Japan welcomes Paralympians in spectacular fashion

TOKYO,. Hosts Japan, as expected, put on another spectacular opening ceremony in conjunction with the 16th Paralympic Games – a mere 16 days after the end of a superb Olympic Games here.

Despite being held in a near-empty Olympic Stadium due to the COVID-19 pandemic, the Land of the Rising Sun still managed to welcome the athletes in a sparkling ceremony that highlighted the strength of this group of extraordinary people.

Aptly titled ‘We Have Wings’, the ceremony kicked off in style, which saw a ‘para airport’ being set up at the centre of the stadium.

The ‘para airport’ resembled a venue where all athletes could meet under one hub, followed by a dance show featuring various performances before fireworks lit up the sky.

Then came one of the ceremony’s major draws, the Parade of Athletes, as the delegates were introduced in alphabetical order – Japanese style, of course.

The Refugee Paralympic Team were the first group to troop into the stadium, while the host nation’s athletes received the loudest cheers of the night when they entered the venue last.

A slight drizzle in the middle of the show failed to dampen the whole party mood as the celebration continued with a colourful performances, led by the ‘Little One-Winged Plane’ scene played by wheelchair-bound Wago Yui, who dreams of taking to the sky, in a continuation of the ‘para airport’ concept earlier, accompanied by a wonderful lighting and musical performances.

In an inspiring speech, International Paralympic Committee (IPC) president Andrew Parsons applauded the resilience of the para athletes and commended Japan for going ahead with the Games amidst the pandemic, apart from promoting #WeThe15, the biggest-ever human rights campaign in history with the goal of ending discrimination against the 1.2 billion people with disabilities.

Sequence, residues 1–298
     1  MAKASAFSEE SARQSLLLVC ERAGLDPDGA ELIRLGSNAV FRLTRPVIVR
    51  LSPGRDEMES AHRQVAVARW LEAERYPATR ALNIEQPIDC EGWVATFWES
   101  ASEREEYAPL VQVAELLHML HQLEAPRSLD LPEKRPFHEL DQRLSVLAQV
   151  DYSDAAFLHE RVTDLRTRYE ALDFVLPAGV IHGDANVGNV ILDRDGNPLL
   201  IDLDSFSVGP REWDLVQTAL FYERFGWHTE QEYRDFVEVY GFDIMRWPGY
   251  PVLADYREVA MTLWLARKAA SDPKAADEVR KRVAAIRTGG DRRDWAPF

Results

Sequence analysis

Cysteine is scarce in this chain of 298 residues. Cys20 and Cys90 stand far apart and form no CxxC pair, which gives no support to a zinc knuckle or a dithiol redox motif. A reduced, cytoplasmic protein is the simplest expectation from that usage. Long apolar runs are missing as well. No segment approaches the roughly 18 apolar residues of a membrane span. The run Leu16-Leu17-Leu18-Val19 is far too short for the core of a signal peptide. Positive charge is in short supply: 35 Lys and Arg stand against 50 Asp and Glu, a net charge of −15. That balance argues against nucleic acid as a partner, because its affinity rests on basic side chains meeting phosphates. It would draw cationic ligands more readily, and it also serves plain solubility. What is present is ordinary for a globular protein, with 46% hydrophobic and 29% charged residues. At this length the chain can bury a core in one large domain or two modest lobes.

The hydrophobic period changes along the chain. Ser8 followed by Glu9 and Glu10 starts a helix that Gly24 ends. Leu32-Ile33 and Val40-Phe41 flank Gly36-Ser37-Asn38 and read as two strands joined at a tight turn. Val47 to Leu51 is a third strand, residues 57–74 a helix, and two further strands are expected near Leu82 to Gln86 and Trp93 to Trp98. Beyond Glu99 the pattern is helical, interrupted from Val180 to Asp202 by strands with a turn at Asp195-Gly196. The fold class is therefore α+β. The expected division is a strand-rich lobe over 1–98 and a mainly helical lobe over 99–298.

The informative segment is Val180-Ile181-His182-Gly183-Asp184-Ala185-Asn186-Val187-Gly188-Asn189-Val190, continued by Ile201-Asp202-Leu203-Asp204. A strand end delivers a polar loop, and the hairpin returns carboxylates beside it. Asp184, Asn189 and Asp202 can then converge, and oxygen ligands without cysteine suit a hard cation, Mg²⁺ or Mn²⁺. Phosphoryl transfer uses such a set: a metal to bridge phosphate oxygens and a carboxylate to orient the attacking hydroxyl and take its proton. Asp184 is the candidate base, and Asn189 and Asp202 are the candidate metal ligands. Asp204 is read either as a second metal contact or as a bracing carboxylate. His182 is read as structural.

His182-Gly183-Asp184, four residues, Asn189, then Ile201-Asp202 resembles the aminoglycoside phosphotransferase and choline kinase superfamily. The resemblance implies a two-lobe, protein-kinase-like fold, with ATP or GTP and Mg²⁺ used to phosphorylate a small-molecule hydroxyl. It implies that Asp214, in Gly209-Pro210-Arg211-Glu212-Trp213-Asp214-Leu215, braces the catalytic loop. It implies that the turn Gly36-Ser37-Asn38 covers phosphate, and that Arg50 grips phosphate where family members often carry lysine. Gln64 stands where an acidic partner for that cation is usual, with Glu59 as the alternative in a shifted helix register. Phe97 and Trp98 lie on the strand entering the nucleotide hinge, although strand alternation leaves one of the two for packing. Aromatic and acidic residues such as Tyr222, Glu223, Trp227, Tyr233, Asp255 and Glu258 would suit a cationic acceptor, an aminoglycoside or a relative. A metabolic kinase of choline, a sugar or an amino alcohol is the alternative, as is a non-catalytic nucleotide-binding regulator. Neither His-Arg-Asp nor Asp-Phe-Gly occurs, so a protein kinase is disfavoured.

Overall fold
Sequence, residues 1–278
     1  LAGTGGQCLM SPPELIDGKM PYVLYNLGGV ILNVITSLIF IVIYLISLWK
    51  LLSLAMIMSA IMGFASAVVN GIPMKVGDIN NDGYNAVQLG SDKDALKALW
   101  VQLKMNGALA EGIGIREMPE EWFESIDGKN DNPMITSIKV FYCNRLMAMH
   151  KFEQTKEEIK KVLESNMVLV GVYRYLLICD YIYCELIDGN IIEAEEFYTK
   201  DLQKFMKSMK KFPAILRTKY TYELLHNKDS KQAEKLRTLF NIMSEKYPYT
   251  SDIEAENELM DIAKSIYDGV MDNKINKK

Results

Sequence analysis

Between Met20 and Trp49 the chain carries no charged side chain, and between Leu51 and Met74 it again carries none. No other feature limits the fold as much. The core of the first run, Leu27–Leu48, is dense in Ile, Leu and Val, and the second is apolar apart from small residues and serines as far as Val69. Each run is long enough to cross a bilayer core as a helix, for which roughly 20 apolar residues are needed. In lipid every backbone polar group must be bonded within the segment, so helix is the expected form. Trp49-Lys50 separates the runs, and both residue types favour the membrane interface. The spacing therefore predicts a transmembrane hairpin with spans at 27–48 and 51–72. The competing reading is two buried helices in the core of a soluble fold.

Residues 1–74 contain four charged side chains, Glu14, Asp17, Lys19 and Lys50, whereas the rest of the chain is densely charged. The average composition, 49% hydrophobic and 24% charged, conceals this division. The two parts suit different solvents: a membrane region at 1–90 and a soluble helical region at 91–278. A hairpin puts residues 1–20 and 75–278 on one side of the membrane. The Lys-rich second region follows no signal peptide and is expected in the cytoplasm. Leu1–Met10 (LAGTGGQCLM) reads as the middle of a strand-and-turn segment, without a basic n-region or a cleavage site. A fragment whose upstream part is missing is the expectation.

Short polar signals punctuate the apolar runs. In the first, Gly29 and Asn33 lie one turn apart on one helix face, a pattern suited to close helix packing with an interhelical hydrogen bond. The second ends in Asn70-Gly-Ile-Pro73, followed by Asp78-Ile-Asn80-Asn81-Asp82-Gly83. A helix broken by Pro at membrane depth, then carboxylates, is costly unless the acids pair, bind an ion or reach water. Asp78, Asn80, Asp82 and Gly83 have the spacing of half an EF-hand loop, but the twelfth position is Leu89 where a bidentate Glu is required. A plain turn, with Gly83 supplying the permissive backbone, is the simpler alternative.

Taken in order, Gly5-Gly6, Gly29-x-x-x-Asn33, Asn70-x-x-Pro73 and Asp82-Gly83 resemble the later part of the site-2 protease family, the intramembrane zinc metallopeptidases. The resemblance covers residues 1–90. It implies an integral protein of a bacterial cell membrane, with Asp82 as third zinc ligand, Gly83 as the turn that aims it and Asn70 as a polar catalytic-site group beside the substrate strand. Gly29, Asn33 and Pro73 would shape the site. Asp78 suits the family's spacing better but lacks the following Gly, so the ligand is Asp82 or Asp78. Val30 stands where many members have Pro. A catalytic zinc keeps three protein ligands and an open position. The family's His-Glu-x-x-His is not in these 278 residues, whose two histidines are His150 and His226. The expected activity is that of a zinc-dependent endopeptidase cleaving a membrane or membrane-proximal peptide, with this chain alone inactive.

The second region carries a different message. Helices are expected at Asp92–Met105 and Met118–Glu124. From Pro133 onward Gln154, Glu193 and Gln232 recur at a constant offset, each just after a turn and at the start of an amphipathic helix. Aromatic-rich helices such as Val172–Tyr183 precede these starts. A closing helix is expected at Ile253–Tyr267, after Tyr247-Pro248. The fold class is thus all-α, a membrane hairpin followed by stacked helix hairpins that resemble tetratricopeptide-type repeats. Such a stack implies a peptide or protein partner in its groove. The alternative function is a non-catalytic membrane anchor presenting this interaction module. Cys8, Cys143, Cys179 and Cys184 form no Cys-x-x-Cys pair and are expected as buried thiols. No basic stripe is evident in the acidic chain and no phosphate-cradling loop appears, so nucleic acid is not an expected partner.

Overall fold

The Games were then declared open by Japan’s Emperor Naruhito before the official Paralympic flag was hoisted. Then, two of the host country’s athletes – former world number one wheelchair tennis player Shingo Kunieda and Rie Urata (goalball) – together with Japan swimming coach Yumiko Taniguchi and wheelchair fencing judge Noboyuki Azuma took the Games’ oath.

The torch then made its way into the stadium, carried by a number of former Japanese Paralympians, including two-times alpine skiing champion Kuniko Obinata and swimming great Mayumi Narita, as well as the country’s frontliners.

The torch was then passed to 2016 Rio bronze medallist Yui Kamiji (wheelchair tennis), Shunsuke Uchida (boccia) and Karin Morisaki (powerlifting), who had the honour of lighting the cauldron, which will stay ablaze until the end of the Games on Sept 5.

The Malaysian contingent of 10 athletes and officials were the 139th nation to march into the stadium, led by powerlifting ace Bonnie Bunyau Gustin and Siti Nooriasah Mohamad Ariffin (athletics) as the flag bearers.

2016 Rio gold medallist Muhammad Ziyad Zolkefli (athletics); 2019 world champion S. Suresh (archery), 2017 Asean Para Games gold medallist Abu Samah Borhan (wheelchair tennis), chef de mission Datuk Seri Megat D Shahriman Zaharudin, two medical officers and two officials also took part in the opening ceremony march past.

The male athletes and officials were seen marching into the stadium clad in the outfit of legendary Malay warrior Hang Tuah, which bore the striking colours of the Jalur Gemilang and was complemented by the sampin and tanjak (headgear), with traditional songket flower motifs.

The women athletes and an official wore an elegant yet modern white baju kurung and a blue shawl, along with ‘dokoh’ accessory that epitomised the richness of Malaysia’s culture.

A total of 4,403 athletes from 162 countries will be competing in 22 sports in the Tokyo Paralympics and Tokyo, thus, becomes the first city to host the Paralympic Games twice after last hosting it in 1964.



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